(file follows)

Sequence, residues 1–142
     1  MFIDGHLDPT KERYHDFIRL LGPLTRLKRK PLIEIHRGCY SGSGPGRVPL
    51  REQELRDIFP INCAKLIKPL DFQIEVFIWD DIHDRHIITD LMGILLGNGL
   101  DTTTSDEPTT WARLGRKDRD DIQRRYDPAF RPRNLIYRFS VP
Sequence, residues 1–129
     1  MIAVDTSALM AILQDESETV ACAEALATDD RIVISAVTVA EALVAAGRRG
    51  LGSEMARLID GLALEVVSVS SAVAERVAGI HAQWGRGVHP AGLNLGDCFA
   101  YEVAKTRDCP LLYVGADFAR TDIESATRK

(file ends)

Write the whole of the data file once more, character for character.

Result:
Sequence, residues 1–142
     1  MFIDGHLDPT KERYHDFIRL LGPLTRLKRK PLIEIHRGCY SGSGPGRVPL
    51  REQELRDIFP INCAKLIKPL DFQIEVFIWD DIHDRHIITD LMGILLGNGL
   101  DTTTSDEPTT WARLGRKDRD DIQRRYDPAF RPRNLIYRFS VP
Sequence, residues 1–129
     1  MIAVDTSALM AILQDESETV ACAEALATDD RIVISAVTVA EALVAAGRRG
    51  LGSEMARLID GLALEVVSVS SAVAERVAGI HAQWGRGVHP AGLNLGDCFA
   101  YEVAKTRDCP LLYVGADFAR TDIESATRK